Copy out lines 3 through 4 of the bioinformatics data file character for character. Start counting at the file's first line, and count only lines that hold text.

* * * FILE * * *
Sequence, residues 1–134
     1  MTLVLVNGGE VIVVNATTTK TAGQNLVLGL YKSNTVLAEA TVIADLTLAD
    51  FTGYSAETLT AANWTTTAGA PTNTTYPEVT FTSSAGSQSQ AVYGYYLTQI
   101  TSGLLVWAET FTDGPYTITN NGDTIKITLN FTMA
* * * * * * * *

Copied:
    51  FTGYSAETLT AANWTTTAGA PTNTTYPEVT FTSSAGSQSQ AVYGYYLTQI
   101  TSGLLVWAET FTDGPYTITN NGDTIKITLN FTMA